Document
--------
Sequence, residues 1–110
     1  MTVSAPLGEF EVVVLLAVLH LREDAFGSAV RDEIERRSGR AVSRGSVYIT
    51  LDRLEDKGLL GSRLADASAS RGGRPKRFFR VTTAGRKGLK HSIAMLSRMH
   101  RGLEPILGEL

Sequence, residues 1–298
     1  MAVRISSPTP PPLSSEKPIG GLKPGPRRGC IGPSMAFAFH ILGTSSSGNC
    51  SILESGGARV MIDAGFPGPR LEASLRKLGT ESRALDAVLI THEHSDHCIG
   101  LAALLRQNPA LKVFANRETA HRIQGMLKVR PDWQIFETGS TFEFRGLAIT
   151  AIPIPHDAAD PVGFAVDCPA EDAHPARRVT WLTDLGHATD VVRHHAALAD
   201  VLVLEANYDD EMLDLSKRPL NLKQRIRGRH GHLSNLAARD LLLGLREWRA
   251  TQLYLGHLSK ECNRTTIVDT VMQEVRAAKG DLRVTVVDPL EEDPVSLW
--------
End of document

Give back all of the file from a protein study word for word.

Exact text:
Sequence, residues 1–110
     1  MTVSAPLGEF EVVVLLAVLH LREDAFGSAV RDEIERRSGR AVSRGSVYIT
    51  LDRLEDKGLL GSRLADASAS RGGRPKRFFR VTTAGRKGLK HSIAMLSRMH
   101  RGLEPILGEL

Sequence, residues 1–298
     1  MAVRISSPTP PPLSSEKPIG GLKPGPRRGC IGPSMAFAFH ILGTSSSGNC
    51  SILESGGARV MIDAGFPGPR LEASLRKLGT ESRALDAVLI THEHSDHCIG
   101  LAALLRQNPA LKVFANRETA HRIQGMLKVR PDWQIFETGS TFEFRGLAIT
   151  AIPIPHDAAD PVGFAVDCPA EDAHPARRVT WLTDLGHATD VVRHHAALAD
   201  VLVLEANYDD EMLDLSKRPL NLKQRIRGRH GHLSNLAARD LLLGLREWRA
   251  TQLYLGHLSK ECNRTTIVDT VMQEVRAAKG DLRVTVVDPL EEDPVSLW